No I don’t think Standard and Poors said that.

JOURNALIST:

There is some concern over foreign debt, how much (inaudible) is it going to be to address foreign debt given that the banks owe 80 per cent of it?

TREASURER:

Well the Australian Government has reduced its net debt to zero. And so the Australian Government in fact doesn’t have foreign debt. The Australian Government in fact adds to savings. Those people that borrow on foreign markets are principally Australian banks who own 80 per cent of borrowings and those banks are very well capitalised and highly profitable. Our Reserve Bank, our prudential regulator and indeed the IMF have all done stress tests on the Australian banking system which is in very good condition. We don’t believe that there is any risk in the system to those banks that is not adequately prepared for.

JOURNALIST:

How much concern do you have about manufacturing and the way it is detracting from growth?

TREASURER:

I think times have been tough for manufacturers, particularly the level of the currency has made it hard for manufacturers on the export front and of course it has made imports cheaper which is making things difficult for manufacturing. But I think that the conditions in relation to the global economy should support manufacturing, I think improvements for example in industrial relations should support manufacturing and although I acknowledge they have had a difficult period I think there is still good prospects in relation to manufacturing.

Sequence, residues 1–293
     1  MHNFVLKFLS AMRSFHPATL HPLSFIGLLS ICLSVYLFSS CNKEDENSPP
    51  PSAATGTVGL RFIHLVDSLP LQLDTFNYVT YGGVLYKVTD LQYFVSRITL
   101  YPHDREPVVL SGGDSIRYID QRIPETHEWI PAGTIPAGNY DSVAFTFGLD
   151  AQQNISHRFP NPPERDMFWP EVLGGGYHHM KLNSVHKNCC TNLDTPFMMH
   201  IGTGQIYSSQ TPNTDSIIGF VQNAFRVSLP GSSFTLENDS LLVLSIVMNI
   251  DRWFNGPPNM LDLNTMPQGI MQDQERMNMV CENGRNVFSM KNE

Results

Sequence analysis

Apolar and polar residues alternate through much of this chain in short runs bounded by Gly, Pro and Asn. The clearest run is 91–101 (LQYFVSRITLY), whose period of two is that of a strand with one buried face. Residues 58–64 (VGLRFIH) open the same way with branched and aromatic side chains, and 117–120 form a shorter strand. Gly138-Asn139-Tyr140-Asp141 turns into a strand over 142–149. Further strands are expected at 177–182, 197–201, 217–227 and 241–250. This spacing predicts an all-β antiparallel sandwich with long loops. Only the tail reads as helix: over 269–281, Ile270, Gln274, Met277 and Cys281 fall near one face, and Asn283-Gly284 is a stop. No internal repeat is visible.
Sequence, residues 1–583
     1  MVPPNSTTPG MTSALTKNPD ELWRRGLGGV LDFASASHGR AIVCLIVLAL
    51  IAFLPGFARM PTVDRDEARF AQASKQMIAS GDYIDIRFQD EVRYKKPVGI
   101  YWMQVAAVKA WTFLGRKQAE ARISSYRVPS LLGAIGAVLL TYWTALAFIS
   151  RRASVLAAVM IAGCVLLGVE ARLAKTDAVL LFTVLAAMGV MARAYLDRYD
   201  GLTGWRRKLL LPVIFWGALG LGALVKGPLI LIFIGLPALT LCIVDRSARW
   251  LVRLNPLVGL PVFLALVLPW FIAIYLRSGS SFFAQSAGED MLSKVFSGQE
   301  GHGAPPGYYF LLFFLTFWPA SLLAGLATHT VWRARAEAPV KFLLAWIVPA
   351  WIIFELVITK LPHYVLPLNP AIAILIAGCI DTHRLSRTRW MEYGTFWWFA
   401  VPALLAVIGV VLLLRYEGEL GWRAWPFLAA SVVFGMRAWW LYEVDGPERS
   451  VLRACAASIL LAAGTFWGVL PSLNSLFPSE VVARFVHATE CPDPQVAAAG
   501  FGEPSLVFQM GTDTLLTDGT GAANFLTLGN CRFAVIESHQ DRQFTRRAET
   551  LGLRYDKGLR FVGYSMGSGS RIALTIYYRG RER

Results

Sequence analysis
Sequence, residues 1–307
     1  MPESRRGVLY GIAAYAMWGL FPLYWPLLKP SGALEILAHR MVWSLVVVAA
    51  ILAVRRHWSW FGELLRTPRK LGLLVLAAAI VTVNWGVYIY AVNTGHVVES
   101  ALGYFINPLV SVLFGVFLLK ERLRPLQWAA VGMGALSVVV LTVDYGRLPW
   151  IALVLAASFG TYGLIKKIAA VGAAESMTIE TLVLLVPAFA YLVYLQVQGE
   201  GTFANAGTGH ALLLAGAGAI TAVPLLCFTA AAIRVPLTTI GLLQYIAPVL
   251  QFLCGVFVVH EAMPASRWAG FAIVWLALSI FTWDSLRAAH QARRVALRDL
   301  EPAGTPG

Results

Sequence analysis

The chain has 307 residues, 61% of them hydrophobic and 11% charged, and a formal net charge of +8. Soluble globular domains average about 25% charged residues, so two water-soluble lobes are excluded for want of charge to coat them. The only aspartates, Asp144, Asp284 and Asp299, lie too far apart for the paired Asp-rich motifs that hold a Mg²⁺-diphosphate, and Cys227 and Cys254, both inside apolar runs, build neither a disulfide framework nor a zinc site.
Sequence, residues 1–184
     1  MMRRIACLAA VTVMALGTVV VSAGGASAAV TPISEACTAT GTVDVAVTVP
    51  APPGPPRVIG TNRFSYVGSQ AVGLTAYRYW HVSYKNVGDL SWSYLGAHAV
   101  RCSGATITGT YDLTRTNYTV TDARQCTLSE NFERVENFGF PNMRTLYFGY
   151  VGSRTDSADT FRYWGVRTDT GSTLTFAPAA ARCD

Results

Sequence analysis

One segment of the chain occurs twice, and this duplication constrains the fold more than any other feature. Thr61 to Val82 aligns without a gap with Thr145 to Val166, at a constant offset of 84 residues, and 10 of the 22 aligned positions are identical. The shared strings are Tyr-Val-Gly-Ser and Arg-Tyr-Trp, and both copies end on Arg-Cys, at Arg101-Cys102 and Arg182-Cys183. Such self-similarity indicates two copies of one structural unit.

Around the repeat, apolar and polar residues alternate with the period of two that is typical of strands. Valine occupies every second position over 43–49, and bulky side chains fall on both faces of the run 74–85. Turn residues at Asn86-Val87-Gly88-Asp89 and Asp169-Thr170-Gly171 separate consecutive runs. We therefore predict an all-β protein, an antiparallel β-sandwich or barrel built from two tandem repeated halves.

JOURNALIST:

Given your comments I think it was last month or maybe the month before that banks should stop pushing money onto people I think were your words, how does your position now a bit of a change from that point?

TREASURER:

Oh no, I had a meeting with the Chief Executives of the major banks some time ago and I said I didn’t want them to let their credit standards slip and they assured me that they wouldn’t let their credit standards slip. And I will look to them to make good on that. It is very important not just for the banks but may I say also for mortgage originators that they don’t let their credit standards slip and that they adequately price in risk.

JOURNALIST:

You don’t seem too concerned about the level of household consumption but it is one of the strongest factors in the accounts that have been released today. You have no worries about the level of spending that’s occurring by households?

TREASURER:

Household consumption grew 0.9 per cent in the March quarter and is 2.9 per cent higher through the year. That is reasonably moderate and certainly much more moderate than we were getting some years ago. So it is decent expenditure but 2.9 per cent is in line with growth which is 3.1 per cent so we wouldn’t see any evidence of that happening.